The Toy Story Honest Trailer Actually Finds Problems With Pixar's Masterpiece

If one were to say that 1995’s Toy Story is an important, groundbreaking movie that essentially launched an entire genre of storytelling, that's hardly a controversial statement. Yet, leave it to folks at Screen Junkies’ "Honest Trailers" to find an angle to level a killer critique. Check out the latest edition as it skewers a seminal masterpiece, and also features a hilarious MADtv throwback with Will Sasso reprising his role as Randy Newman.

Interestingly enough, their rather morbid Toy Story synopsis, despite skipping some of the sunnier points in the film’s plot, does contain a certain validity in its critique of its bleak themes. Compared with traditional children’s films, which center on a protagonist who attempts to achieve something, whether it be reuniting with one’s family or winning the heart of a prince/princess, the primary motivation of Toy Story’s characters surrounds a conflict with a hard truth about their plastic existence, which results in much infighting between toy cowboy Woody and the cluelessly optimistic newbie, Buzz Lightyear.

Yes, in a tinfoil-hat-ish way, it could be posited that Woody’s goal throughout the entire film is summed up by his attempts to instill the horrible truth into Buzz that their lives amount to nothing more than being playthings on a shelf. Say what you will, but as far as movie character motivations go, that is rather dark. Yet, viewed in that context, the series as a whole also seems to be a pessimistic parable reminding people that our purposes in life are fleeting and admonishes any attempt to preserve the past. Toy Story 2 did this with its ruthless toy collector, Al McWhiggin, and, of course, Toy Story 3 used Andy’s tear-inducing story arc to demonstrate that things in our lives are meant to be let go.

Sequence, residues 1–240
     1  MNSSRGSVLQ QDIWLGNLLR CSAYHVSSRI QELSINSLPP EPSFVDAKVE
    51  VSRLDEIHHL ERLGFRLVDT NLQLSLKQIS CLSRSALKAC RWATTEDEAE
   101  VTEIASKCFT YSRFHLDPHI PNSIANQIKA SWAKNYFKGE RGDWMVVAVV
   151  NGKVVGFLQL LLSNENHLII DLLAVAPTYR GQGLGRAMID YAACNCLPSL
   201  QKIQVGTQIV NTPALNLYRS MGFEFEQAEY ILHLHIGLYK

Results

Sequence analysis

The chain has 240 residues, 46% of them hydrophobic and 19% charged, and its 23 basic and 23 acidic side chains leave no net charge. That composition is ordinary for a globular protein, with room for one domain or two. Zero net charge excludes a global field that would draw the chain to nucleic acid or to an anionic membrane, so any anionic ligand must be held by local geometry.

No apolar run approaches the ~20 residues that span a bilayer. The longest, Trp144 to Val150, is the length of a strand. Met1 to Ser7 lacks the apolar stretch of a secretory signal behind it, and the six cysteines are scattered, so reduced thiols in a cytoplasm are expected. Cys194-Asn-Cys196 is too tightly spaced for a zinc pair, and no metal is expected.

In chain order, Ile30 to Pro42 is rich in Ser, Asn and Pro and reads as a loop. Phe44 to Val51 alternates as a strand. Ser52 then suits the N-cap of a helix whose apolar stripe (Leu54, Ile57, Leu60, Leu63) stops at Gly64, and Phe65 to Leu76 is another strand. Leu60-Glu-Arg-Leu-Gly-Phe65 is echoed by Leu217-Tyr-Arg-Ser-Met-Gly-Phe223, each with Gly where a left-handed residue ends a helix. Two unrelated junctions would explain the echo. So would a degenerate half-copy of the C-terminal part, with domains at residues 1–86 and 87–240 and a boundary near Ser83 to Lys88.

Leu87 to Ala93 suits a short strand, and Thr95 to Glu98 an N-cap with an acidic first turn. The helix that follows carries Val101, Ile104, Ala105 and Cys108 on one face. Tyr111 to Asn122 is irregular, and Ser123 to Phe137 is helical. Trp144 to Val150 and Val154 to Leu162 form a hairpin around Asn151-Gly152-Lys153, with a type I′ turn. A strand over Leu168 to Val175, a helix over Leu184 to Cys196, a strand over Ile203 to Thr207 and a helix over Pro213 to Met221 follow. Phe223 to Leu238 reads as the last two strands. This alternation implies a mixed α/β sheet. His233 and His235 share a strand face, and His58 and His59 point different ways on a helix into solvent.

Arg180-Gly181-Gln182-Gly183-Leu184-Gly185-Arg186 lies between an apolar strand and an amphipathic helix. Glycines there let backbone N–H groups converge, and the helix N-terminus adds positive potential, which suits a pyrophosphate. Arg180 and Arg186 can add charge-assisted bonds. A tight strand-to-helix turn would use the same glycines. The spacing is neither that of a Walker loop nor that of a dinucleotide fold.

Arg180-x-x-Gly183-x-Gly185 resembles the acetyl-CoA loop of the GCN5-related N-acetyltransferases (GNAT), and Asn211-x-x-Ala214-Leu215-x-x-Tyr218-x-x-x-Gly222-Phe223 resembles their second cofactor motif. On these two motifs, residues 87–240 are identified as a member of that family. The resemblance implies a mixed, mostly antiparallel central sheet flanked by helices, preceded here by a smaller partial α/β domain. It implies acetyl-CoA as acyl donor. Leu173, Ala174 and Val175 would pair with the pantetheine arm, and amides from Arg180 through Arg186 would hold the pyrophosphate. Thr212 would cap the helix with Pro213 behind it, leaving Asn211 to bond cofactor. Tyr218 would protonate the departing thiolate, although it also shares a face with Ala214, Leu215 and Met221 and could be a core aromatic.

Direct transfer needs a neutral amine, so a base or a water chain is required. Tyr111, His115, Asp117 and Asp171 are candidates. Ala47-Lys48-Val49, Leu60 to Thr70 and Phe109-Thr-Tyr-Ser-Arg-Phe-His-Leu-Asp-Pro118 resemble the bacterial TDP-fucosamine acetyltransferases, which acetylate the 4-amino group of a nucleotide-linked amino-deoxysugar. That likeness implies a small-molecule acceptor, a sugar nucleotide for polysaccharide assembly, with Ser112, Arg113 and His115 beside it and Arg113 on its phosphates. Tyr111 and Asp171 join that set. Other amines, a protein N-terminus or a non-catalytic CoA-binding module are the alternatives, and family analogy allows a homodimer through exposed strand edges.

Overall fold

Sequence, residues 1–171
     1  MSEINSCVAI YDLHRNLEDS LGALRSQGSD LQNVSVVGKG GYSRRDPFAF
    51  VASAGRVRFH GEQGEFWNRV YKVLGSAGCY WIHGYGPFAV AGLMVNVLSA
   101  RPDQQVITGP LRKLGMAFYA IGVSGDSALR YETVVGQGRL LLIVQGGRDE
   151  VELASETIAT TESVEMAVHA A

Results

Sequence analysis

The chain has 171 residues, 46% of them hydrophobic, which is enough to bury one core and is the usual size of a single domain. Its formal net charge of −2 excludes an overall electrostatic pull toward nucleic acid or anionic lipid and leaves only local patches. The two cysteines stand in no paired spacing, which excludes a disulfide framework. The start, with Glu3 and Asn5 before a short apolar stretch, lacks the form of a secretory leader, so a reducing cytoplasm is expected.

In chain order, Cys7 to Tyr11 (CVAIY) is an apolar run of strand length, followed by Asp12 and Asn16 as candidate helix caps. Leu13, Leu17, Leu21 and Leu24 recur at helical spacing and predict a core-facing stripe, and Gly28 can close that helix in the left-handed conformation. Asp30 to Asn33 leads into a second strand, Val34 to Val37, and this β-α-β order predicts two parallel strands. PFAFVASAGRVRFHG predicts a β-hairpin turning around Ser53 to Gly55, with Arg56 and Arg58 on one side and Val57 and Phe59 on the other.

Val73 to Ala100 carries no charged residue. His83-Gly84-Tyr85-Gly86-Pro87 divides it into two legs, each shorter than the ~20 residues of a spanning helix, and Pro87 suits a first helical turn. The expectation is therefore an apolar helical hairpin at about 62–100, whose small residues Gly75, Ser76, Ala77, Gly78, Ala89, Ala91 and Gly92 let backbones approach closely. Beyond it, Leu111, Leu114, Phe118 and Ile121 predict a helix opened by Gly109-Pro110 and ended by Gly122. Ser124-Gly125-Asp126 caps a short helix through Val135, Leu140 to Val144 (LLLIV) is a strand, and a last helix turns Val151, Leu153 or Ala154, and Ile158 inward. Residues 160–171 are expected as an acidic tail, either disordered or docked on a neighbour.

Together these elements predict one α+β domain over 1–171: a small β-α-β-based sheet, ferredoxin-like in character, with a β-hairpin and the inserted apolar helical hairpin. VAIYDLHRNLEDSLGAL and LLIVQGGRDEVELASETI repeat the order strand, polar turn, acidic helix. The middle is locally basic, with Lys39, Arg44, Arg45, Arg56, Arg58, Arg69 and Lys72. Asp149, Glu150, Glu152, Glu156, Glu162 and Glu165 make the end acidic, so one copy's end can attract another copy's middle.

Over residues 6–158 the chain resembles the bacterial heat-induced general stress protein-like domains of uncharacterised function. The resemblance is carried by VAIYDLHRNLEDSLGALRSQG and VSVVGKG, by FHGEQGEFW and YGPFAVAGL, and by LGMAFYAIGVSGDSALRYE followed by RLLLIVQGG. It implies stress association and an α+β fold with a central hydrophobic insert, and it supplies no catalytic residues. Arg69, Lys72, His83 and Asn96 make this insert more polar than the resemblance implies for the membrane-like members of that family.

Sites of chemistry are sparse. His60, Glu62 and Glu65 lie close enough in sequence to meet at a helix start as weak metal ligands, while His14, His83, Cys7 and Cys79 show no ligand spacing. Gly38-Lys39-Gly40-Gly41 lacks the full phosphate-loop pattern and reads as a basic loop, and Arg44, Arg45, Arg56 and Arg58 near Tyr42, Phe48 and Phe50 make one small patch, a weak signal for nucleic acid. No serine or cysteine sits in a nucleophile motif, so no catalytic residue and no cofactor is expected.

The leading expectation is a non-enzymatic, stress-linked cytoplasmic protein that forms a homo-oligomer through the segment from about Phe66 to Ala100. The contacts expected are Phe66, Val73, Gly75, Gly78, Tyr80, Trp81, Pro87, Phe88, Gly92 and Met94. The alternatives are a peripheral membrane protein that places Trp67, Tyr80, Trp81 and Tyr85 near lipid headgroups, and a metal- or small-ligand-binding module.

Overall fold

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The video also critiques Toy Story’s overall premise of toys secretly being alive; not just in the improbable logistics, but from the purely problematic morality that the film seems to exude. The most notable example of that was how Andy’s neighbor, Sid Phillips, in his "hobby" of butchering toys, was portrayed as some kind of sadistic, sociopathic villain, despite not knowing the truth about their sentient status. It is even pointed out that he’s a neglected child with a drunk dad, acting out with a seemingly harmless, albeit bizarre habit. While Sid’s frightening moment of reckoning by way of the vengeance-seeking toys would undoubtedly set the child’s folks back a bit in therapy bills, it’s all just deserts as far as the film is concerned.

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Of course, this may be nothing more than nitpicking food for thought and subjective interpretation. However, it’s tough to deny that Pixar sometimes likes to hit us directly in the feels using manipulative, often contradictory sentiments that are less than scrupulous. Yet, it’s also hard to deny that they’ve taken the art of animated storytelling to monumental levels and that their sentiments, cheap as they may be at times, speak poignantly (though indirectly,) about the human condition. And it all started with Toy Story.